Dueling Dewey

by Jeff Burton

Jeff Burton is a graduate student in Educational Technology at San Diego State University. He is currently working as a GA with Pac Bell's Education First Initiative.


Instructional Objective The learners will be able to recognize the major subject areas defined by the Dewey Decimal System and categorize books appropriately. The competitive elements of the game will provide fun and challenge.

Learners/Context The learners are students required to learn basic library skills. This game is approriate for late elementary through middle school students. The game is designed to be played at home before or after a trip to the library to aide in finding and associating the Dewey number with subject categories.


Rationale A game is an appropriate format for this situation because it provides a simple method to reinforce the association between the Dewey Decimal System categories and actual books. Although basic library skills are necessary for continued learning, students do not always find the subject interesting. A card game is portable and easy to use. The rules are similar to other common card games making the learning curve very short. The rules of the game provide a competive content that can provide motivation and a break from more conventional studies.

Rules Two to four people may play at the same time.


The game is played in the following manner:


The object of the game is to be the first person to discard all of your cards. The dealer will go through the cards until he/she finds a category card. This card will be placed face up on the table to start the first category. The remainder of the cards will then be shuffled and the dealer will deal seven cards to each player. The remaining cards are then placed face down on the table. Moving clockwise from the dealer, the first player must place an appropriate catalog card belonging to the subject category next to the category stack. If the player cannot do this, they may change the category with another category card or draw from the face down stack until he/she obtains an appropiate card. A player may at anytime challenge a player's discard. This can be varified with the reference sheet provided. If the card is of the correct category, the challenger must pick up three cards from the deck and play continues. If the challenged player did discard an incorrect card, he/she must pick up the discarded card and continue to draw from the deck until he/she obtains an appropriate card. The game is over when one player has discarded all of his/her cards.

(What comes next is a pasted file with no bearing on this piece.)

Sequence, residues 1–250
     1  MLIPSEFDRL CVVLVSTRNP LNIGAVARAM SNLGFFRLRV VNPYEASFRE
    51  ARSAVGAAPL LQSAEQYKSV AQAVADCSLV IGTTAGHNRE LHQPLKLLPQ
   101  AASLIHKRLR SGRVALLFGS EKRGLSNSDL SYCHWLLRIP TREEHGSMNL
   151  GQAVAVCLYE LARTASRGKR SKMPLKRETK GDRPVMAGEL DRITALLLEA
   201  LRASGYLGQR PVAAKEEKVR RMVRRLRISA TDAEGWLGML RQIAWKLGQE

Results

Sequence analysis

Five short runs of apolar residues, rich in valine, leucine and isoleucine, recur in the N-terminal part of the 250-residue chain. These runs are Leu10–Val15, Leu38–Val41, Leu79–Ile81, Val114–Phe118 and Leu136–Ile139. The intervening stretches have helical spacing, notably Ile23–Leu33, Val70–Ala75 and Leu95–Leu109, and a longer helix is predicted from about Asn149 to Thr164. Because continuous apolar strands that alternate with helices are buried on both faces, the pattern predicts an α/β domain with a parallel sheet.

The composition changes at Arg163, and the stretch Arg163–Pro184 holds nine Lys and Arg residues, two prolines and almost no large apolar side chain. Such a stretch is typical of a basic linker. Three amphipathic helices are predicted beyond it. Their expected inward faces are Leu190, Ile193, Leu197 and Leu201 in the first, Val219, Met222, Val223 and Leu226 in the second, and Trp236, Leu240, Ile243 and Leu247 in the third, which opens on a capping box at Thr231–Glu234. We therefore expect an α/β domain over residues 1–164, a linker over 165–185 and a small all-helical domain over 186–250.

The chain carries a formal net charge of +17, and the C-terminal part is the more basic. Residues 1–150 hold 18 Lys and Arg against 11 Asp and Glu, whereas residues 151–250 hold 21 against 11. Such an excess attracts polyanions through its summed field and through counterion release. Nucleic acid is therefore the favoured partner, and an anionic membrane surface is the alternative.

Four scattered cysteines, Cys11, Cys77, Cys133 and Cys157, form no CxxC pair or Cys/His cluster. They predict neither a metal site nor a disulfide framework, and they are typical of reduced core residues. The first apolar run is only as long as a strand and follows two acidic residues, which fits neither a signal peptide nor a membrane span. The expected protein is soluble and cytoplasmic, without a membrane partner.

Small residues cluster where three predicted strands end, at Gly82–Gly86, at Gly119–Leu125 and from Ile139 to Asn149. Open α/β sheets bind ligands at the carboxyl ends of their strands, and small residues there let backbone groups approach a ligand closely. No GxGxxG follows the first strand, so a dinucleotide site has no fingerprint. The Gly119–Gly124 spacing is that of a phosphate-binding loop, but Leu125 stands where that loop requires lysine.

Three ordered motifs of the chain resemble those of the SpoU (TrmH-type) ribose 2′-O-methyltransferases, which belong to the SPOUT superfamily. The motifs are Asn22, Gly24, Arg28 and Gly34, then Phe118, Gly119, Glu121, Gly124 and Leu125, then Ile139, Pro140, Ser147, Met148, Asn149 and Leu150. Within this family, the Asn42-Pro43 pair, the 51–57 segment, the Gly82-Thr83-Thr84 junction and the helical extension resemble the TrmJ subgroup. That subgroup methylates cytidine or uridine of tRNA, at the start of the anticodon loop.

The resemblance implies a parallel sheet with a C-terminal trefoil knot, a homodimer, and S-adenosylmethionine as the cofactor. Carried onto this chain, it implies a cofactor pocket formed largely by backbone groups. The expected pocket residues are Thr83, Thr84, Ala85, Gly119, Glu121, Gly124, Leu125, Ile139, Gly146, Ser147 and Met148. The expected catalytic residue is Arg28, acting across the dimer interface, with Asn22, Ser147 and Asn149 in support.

Card Design The cards have been kept simple with only necessary information. There are two types of cards:

  1. Category Cards. There will be two cards representing each of the ten major categories defined by the Dewey Decimal System. The only information provided on these cards will be the number representing that category. i.e. 000-099. This will make for a total of 20 category cards.
  2. Catalog Cards. These cards will have the same information seen on a library catalog card, minus the category and the call number. There are five cards for each category making a total of 50 Catalog Cards.



    Deck Design There will be a total of 70 cards as described above. These cards will be four by two and one half inches with a standard pattern on the back of each card.

    Sample Cards

    Actual Size 4'' by 2.5"

    Design Process The need for this game was suggested by an actual librarian who felt that a fun way to learn basic library skills did not exist. The basic library skills are not a very exciting subject, but are necessary for continued education. While first designing this game, I realized that the number of categories (10) was larger than standard card games. By keeping the number of catalog cards to five per category, (originally ten) the number of total cards would be managable. Another consideration was the fact that a single representative of each category i.e. Pure Sciences 500-590, would be eliminated after the next change to a new category. This would make it impossible to discard any science catalog cards and prevent the holder of these cards from winning. To solve this problem, there are two representatives of each category. Another consideration in the design is the verification of correct discards. The challenge rule prevents players from bluffing and will test the knowledge of all players at each discard. I carefully considered what information would be placed on the two types of cards. By only putting the category number on the category cards, the players are forced to know that category's definition or take the chance of bluffing. Of course the players can follow the lead of the previous player, but they still must decide what category each book belongs to. The category and call numbers were deliberately eliminated from these cards. The catalog cards will represent actual library catalog cards with titles that should be easily classified. There will be a reference list provided that lists all catalog cards and their correct category and Dewey Decimal Number.


    Last updated by Jeff Burton on September 30, 1996.

    Return to the Card Game Table of Contents.

    Educational Technology 670, Fall 1996.